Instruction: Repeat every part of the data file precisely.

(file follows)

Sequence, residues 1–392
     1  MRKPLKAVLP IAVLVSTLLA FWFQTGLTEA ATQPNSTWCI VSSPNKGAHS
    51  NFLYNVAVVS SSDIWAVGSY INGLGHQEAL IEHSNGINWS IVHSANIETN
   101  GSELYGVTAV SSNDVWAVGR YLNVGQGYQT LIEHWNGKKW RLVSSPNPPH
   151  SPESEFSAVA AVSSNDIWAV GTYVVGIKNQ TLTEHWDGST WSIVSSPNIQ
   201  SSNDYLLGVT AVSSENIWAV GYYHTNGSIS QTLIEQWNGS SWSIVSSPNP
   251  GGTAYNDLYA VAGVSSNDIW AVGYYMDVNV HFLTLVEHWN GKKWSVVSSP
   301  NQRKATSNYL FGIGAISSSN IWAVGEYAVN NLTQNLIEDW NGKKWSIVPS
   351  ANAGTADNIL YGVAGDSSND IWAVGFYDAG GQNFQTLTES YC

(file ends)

Sequence, residues 1–392
     1  MRKPLKAVLP IAVLVSTLLA FWFQTGLTEA ATQPNSTWCI VSSPNKGAHS
    51  NFLYNVAVVS SSDIWAVGSY INGLGHQEAL IEHSNGINWS IVHSANIETN
   101  GSELYGVTAV SSNDVWAVGR YLNVGQGYQT LIEHWNGKKW RLVSSPNPPH
   151  SPESEFSAVA AVSSNDIWAV GTYVVGIKNQ TLTEHWDGST WSIVSSPNIQ
   201  SSNDYLLGVT AVSSENIWAV GYYHTNGSIS QTLIEQWNGS SWSIVSSPNP
   251  GGTAYNDLYA VAGVSSNDIW AVGYYMDVNV HFLTLVEHWN GKKWSVVSSP
   301  NQRKATSNYL FGIGAISSSN IWAVGEYAVN NLTQNLIEDW NGKKWSIVPS
   351  ANAGTADNIL YGVAGDSSND IWAVGFYDAG GQNFQTLTES YC